• She leaped at the opportunity and became one of only two women investment bankers on a staff of 150.
accept eagerly, grasp (with both hands), grab, take advantage of, seize (on), jump at
1.5(Of a price or figure) increase dramatically: sales leaped 40 percent during the Christmas season
More example sentences
  • The money will help first-time buyers who have watched the asking prices of houses leap 14 per cent in the past 12 months.
  • High-end home prices have leapt 56 per cent in the past nine months.
  • Petrol stations in some cities are rationing diesel, with prices leaping on the black market, according to official reports.
increase rapidly, soar, rocket, skyrocket, shoot up, escalate
1.6 (leap out) (Especially of writing) be conspicuous; stand out: amid the notes, a couple of items leap out
More example sentences
  • There wasn't one that leapt out at me like with the A and B sets, and the CD didn't help too much.


1A forceful jump or quick movement: she came downstairs in a series of flying leaps
More example sentences
  • In a quick leap, he had jumped from the veranda and had sped off into the field after me.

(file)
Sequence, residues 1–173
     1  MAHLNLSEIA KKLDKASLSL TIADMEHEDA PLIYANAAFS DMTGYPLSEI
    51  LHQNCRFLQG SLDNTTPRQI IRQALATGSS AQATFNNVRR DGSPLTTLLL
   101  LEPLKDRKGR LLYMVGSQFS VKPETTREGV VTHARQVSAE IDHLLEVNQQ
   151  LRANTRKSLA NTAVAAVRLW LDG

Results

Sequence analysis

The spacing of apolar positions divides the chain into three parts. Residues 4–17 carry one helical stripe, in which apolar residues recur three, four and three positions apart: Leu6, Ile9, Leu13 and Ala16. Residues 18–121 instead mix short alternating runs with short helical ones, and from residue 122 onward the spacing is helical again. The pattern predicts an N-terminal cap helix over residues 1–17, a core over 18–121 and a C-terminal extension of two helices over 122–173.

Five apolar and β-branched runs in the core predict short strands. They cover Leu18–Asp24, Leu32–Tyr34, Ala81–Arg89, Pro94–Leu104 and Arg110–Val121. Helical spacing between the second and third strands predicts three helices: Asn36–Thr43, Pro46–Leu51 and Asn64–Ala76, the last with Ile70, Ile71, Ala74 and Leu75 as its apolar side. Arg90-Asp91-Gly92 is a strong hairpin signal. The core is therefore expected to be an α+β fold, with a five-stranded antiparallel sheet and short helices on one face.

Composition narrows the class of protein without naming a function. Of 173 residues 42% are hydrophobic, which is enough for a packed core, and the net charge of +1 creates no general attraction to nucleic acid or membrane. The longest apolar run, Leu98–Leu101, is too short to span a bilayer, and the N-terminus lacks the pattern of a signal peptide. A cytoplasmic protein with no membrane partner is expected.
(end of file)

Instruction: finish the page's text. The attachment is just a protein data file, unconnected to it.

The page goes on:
• In one quick, strong leap, her horse jumped, high, long & hard.
  • But secondly, this increasing resolution of the project is visible as a series of jumps or leaps.
jump, vault, spring, bound, hop, skip
1.1A dramatic increase in price, amount, etc. a leap of 75 percent in two years
More example sentences
  • It said a huge leap in coal prices and higher freight charges offset an increase in local power sales.
  • This article on energy policy shows that fuel shortages and price leaps are almost entirely created by government meddling.
  • When the whole chain works in sync, there can be a dramatic leap in the speed and efficiency of product development…
sudden rise, surge, upsurge, upswing, upturn
1.2A sudden, abrupt change or transition: it doesn’t take a great leap of imagination to recognize that you have held an important leadership role
More example sentences
  • We passed whole aeons of evolutionary progress in great leaps, seemingly overnight.
  • That's the leap of imagination that's necessary for faith - or even for a fully informed discussion of faith, even if one does not have faith oneself.
  • Grand schemes, wild ideas, crazy notions, and intuitive leaps of imagination are, of course, encouraged and fertilized.